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Staff Box

Acts of Civil Disobedience

By City Weekly Staff
Posted // June 9,2010 -

Have you ever practiced your own form of civil disobedience?

Scott Renshaw: If I could, I’d get gay-married. Damn that heterosexuality that was instilled in me by my parents and their “straight agenda”!

Jesse Fruhwirth: Sodomy was always my favorite way to disobey, but as the New Pornographers say, “It was crime at the time, but the laws have changed, yeah.”

Paula Saltas: Which law do you have to break to get the good-lookin’ cop to come to the office with a boombox, dance and take off his uniform? That’s the one for me.

Nick Clark: I can neither confirm nor deny that I have on multiple occasions expressed through disobedience the idiocy of our archaic liquor laws.

Julie Erickson: Yes, at this very moment. I respectfully ignore requests to pay $400 for each of my 23 parking tickets. I will compassionately disagree that parking three feet in front of a driveway was civil disobedience in the first place.

Jesse James Burnitt: I strongly assert my right to drink beer (or wine) in a public park, whilst walking down a sidewalk, or at a movie theater.

Rachel Hanson: Whatever law that says I need a marriage license. It’s just one more stupid hoop I have to jump through when I could be deciding other exciting things, like the color of the ribbon on our favor boxes.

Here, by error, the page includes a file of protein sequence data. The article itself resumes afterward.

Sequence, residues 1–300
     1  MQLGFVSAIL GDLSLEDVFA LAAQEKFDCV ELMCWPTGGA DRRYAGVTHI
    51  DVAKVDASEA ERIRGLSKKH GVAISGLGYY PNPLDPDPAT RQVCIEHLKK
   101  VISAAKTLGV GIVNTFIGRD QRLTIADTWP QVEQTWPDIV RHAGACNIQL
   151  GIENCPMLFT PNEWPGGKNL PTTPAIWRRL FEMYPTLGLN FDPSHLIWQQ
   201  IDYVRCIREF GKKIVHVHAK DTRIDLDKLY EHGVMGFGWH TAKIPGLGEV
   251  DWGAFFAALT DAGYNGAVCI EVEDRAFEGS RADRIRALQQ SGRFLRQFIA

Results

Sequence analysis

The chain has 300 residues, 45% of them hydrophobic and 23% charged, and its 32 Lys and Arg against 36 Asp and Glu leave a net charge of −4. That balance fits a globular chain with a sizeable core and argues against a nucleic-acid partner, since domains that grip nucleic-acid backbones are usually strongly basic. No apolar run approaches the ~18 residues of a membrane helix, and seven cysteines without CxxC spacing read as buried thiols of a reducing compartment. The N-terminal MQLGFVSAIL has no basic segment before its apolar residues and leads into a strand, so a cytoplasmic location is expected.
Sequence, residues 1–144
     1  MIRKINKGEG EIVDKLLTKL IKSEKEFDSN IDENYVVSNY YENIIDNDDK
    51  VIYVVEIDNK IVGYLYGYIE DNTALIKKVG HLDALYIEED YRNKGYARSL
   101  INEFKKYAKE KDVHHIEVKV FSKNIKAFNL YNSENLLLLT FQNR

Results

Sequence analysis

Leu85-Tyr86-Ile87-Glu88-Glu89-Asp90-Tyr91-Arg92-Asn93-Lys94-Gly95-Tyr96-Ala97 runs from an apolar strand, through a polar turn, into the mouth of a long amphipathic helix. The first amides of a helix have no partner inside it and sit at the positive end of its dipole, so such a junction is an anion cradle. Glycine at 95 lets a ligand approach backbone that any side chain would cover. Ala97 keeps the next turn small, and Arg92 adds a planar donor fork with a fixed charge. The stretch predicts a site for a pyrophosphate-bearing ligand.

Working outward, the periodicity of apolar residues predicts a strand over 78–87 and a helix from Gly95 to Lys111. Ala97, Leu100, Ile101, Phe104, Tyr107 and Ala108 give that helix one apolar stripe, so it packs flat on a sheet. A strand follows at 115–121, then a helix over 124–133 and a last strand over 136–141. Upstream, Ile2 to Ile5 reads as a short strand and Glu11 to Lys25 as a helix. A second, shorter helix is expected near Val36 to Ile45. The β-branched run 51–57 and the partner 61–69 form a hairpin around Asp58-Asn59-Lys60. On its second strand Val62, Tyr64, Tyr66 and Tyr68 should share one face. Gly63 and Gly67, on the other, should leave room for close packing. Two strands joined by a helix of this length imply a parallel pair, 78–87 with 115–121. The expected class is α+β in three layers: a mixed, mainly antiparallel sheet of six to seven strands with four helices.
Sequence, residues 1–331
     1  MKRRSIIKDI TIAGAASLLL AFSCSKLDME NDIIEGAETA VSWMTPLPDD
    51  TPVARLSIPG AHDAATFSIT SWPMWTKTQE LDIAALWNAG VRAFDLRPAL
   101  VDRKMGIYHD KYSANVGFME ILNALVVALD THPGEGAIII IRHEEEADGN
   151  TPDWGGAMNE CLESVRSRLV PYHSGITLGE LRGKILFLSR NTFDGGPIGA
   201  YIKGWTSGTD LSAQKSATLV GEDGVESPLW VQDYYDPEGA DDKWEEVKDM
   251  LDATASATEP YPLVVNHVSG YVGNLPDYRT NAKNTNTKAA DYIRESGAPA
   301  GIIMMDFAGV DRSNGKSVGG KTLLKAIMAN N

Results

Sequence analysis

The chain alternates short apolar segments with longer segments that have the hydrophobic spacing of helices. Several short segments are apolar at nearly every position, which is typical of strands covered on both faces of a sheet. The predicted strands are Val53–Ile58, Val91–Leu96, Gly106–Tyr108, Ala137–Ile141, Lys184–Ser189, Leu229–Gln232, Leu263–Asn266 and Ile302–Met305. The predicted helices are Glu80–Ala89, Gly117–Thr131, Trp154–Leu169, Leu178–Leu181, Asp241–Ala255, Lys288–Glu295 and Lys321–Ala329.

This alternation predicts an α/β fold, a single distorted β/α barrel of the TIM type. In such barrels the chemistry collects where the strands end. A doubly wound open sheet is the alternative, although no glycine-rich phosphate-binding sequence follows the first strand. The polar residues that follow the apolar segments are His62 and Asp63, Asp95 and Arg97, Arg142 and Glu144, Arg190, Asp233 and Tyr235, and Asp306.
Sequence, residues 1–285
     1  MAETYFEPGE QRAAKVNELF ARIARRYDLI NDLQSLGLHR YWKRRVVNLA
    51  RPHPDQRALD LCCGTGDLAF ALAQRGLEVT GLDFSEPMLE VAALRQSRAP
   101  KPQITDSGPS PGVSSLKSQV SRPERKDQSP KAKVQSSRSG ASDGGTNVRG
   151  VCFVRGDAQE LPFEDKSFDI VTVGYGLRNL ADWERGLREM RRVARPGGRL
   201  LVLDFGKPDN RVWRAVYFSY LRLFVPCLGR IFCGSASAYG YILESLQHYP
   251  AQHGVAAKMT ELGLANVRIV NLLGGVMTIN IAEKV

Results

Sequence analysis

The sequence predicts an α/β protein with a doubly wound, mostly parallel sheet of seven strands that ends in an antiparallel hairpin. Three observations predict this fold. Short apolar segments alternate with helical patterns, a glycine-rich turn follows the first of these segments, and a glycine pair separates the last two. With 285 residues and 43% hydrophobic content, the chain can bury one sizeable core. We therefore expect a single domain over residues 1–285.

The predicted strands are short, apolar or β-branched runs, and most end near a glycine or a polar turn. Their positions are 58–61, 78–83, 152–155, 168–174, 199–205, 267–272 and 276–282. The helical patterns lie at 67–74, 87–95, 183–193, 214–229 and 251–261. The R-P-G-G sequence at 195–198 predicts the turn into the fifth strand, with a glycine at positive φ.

Jerre Wroble: Alt-journalism can be its own brand of civil disobedience. Some of us may be law-abiding journalists who buckle up in the car and smoke 25 feet from any door, but we’re at our best when we’re questioning authority.

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Posted // June 11,2010 at 10:16

So, Renshaw and Fruhwirth immediately go with gay sex? Hmmm.

Jerre's got it right. Jerre, take them all to lunch and explain the concept of the 5th Estate. In fact, that could be an interview question for new writers."Explain the 5th Estate as a journalistic intiative." Then, make them read at least 2 full-length works from Hunter Thompson and their first assigment would be to mimic his style.


Posted // June 11,2010 at 12:00 - AND, if any prosecutor wants to ignore Lawrence v. Texas and file charges under Utah's persisting anti-sodomy laws, they could do so against any non-married individuals--not just homosexuals.


Posted // June 11,2010 at 11:47 - We'll agree to disagree, but I don't think of skepticism and hard-edged journalism as "disobedient." For crying out loud, it's protected by the 1st Amendment, it can sometimes be profitable and is socially rewarded in most cases--not exactly disobedient.